In the first view, Operations Research is a means to an artificial intelligence outcome. When you think of AI as the area of computer science concerned with building systems that demonstrate intelligent behavior, one could say that OR is part of AI. From a classical research perspective, this is inaccurate because OR and AI are two separate disciplines that have independently developed intelligence-based computing techniques. However, if you take the broad definition of AI, with building systems that demonstrate intelligent behavior, Operations Research could be classified as a part of artificial intelligence. Alternatively, AI is a technique that makes better predictions about the data that is fed into OR optimization algorithms.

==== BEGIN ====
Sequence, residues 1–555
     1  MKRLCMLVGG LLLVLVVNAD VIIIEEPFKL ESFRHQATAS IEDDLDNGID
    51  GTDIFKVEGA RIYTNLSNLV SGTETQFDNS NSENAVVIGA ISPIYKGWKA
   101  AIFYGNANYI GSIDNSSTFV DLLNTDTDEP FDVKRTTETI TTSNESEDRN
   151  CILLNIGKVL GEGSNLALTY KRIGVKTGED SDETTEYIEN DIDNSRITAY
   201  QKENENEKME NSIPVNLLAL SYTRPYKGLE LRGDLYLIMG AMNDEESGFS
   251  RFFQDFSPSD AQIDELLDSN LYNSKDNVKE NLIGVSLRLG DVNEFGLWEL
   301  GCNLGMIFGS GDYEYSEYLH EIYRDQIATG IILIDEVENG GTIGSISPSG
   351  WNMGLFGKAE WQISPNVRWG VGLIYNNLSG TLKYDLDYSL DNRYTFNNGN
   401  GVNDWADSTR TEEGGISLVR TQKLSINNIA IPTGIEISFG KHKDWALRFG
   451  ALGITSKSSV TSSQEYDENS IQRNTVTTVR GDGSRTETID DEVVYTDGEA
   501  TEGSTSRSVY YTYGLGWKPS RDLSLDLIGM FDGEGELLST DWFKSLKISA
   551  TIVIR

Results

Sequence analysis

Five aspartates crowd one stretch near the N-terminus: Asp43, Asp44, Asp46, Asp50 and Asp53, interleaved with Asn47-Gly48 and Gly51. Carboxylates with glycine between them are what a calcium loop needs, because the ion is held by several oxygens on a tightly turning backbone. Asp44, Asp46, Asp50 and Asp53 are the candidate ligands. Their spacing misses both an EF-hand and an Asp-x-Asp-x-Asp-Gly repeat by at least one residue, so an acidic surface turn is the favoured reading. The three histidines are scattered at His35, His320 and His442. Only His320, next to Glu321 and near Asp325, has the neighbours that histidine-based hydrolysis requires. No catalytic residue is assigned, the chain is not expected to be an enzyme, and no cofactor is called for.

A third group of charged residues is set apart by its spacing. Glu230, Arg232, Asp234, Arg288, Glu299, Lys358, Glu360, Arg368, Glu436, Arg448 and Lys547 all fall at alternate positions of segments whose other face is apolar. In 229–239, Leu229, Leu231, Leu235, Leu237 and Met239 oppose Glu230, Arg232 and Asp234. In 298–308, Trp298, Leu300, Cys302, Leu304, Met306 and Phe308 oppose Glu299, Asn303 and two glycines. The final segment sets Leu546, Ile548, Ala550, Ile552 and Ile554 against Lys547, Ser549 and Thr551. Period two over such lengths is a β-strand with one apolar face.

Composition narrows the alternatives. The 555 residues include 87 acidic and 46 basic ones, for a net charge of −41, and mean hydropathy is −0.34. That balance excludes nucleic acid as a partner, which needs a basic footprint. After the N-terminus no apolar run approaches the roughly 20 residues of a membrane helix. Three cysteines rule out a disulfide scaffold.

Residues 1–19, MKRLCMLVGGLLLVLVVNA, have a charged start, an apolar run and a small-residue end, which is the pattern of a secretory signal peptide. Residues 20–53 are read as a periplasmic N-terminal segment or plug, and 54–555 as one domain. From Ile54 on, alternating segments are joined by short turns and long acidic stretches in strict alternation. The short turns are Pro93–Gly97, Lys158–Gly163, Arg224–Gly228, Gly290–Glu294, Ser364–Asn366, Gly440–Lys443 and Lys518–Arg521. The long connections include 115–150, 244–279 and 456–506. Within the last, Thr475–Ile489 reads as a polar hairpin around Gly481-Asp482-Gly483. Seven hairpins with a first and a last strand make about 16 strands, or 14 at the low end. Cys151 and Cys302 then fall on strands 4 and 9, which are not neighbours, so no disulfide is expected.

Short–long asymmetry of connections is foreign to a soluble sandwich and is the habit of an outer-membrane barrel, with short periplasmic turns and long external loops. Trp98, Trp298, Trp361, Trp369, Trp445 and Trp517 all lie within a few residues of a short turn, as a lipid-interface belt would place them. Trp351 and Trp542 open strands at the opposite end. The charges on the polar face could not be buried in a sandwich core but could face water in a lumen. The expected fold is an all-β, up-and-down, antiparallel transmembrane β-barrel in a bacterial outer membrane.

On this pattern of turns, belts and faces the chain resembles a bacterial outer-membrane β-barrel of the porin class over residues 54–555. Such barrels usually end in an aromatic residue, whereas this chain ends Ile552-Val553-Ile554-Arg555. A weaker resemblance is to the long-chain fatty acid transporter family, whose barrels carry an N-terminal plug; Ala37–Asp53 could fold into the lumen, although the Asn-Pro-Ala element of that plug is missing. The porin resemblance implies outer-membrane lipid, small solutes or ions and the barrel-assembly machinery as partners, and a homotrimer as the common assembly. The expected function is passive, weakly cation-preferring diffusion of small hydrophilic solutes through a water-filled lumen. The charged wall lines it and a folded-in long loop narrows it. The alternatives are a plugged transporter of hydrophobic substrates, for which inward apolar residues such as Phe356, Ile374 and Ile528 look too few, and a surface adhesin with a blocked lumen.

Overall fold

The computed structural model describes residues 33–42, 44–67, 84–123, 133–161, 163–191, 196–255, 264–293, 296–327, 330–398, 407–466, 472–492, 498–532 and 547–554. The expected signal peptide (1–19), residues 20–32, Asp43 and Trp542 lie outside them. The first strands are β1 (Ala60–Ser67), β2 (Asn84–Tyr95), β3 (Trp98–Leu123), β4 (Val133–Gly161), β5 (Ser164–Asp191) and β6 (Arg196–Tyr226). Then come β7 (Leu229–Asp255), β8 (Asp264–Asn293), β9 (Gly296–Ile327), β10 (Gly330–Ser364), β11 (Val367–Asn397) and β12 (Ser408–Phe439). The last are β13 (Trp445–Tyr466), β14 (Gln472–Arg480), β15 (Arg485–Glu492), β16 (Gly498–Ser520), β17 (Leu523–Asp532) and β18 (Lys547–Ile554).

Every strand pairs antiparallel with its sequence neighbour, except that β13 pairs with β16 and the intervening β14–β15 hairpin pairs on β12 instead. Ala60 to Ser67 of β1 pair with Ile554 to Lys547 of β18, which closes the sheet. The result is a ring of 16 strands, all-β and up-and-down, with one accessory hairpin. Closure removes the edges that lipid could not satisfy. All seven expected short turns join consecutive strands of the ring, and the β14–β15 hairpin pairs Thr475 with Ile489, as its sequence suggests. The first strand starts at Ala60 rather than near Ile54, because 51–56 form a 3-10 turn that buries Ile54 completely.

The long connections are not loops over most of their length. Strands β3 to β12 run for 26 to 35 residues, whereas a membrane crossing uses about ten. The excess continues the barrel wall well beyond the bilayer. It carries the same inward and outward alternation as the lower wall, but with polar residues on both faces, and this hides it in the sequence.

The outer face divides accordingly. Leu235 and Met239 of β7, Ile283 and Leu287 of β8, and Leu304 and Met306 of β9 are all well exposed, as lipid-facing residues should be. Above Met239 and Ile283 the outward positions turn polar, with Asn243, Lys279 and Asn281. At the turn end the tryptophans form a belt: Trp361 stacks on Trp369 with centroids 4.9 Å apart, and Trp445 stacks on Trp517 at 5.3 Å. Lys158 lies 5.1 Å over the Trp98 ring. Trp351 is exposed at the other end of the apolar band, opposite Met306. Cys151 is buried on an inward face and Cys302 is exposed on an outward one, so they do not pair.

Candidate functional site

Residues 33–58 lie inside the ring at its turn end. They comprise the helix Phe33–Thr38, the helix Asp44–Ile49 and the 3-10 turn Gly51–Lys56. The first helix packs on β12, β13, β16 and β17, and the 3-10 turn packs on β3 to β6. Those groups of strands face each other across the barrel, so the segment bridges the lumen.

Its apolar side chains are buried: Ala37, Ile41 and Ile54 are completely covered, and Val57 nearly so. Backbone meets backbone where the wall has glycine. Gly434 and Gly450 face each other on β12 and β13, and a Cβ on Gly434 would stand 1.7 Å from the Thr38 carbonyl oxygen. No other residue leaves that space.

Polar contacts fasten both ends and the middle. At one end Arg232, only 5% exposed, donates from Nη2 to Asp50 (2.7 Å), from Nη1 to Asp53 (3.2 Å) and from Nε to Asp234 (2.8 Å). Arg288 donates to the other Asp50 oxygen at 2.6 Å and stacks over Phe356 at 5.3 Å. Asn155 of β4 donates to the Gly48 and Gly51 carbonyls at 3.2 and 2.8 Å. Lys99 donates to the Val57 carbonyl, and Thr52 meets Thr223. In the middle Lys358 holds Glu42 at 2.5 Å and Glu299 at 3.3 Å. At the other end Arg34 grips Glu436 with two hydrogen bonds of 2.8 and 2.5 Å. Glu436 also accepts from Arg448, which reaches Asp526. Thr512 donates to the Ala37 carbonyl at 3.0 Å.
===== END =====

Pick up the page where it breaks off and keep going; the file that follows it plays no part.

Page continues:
Either way you choose to view the relationship between OR and AI, INFORM has been working with artificial intelligence for over two decades, with commercially available products in use since the early 2000s. More than 20 years ago, we started developing knowledge-based AI systems that were based on the concept of using fuzzy logic and fuzzy reasoning for representing human knowledge. Over the years, we’ve added machine learning as a second area in our AI activities, and the two are now working in parallel together.
Adding AI to Your TOS
As described in our past article, “Power up Your TOS,” our OR-based Optimization Modules work in conjunction with an existing TOS to drive terminal efficiency. This “add-on” relationship allows terminals to implement the power of Optimization Modules without significant changes. Further, in most cases, Optimization Modules work in the background without direct user interaction. Users interact with their existing software environment while benefiting from optimization with no timely retraining required.